Seriously, 43.8%. You don’t see numbers that bad very often, so let’s put that in context. This year, major league pitchers—who, mind you, bat against major league pitchers, not Double-A ones—have struck out at a 37.2% clip. Part of that is that they often are squaring to bunt, but if you’re going to strike out 43.8% of the time, maybe you ought to think about bunting, no matter how much power you have*.
*Yes, I know this would obviously be a terrible strategy for Cody Johnson. Just making a point.
The Braves sent Johnson back to High-A toward the end of the year, where he rebounded some, but that was it for them. After all, if a guy strikes out almost half the time in Double-A at 21, it just seems beyond impossible he’ll ever hit enough to play in the majors. It would be one thing if Johnson was a dominant defensive player, but he’s barely good enough to hold his own in left field, and he’s a nonfactor in the running game.
So the Braves traded him to the Yankees following the 2010 season for…nothing, as far as I can tell. One of those nebulous "considerations" that basically amounts to "just take this guy off our hands." It was a remarkably early juncture to cut bait on a first-round pick, especially one who had done some very impressive things at times.
The Yankees put Johnson in Double-A for a second try and he cut his strikeout rate…all the way to 43.0%. Progress! Actually, he did improve from .189/.269/.343 at the level in 2010 to .226/.277/.438 in 2011, though his walk rate fell from 9.6% to 6.2%.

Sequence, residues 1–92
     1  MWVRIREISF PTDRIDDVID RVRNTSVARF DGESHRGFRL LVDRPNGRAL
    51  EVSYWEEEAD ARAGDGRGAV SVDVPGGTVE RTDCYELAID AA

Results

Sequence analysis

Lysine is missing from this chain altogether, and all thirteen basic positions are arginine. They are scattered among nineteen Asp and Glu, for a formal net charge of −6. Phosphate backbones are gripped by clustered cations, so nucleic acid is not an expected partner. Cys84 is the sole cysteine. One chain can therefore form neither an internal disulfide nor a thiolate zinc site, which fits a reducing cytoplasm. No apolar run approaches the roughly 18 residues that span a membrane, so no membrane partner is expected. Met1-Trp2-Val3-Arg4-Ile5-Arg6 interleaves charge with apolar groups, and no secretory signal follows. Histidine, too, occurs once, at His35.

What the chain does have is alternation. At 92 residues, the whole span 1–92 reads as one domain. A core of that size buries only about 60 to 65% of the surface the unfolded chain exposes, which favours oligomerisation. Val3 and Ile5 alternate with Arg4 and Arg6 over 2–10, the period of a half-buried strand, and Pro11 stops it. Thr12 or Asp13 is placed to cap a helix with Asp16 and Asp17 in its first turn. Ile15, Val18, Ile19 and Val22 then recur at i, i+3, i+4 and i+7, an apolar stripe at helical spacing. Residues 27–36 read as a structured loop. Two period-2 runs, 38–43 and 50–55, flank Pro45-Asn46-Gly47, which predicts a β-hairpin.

I know a .226/.277/.438 line is really bad, especially from a crappy defensive player, but just think about that for a second. This guy struck out forty-three percent of the time and still slugged .438. It kind of begs the question: What is the highest strikeout rate a batter can have and still be effective?
It’s one of those fun questions, isn’t it? "Baseball breaking point" questions are interesting. How slow can a pitcher throw while being above replacement level? For a knuckleball guy? For a traditional guy? How hard would you need to throw to survive as a starter with just one pitch? How high can a pitcher’s walk rate get before it’s impossible for him to succeed?
Fun to think about, yes? But back to Cody Johnson. Like the Braves before them, the Yankees ultimately deemed Johnson unfit for Double-A and demoted him to High-A, where he somehow managed to hit .326/.387/.548. You see that line and go "Wait, did he fix the strikeouts?!" like a kid listening to his bedtime story waiting for the happy ending twist.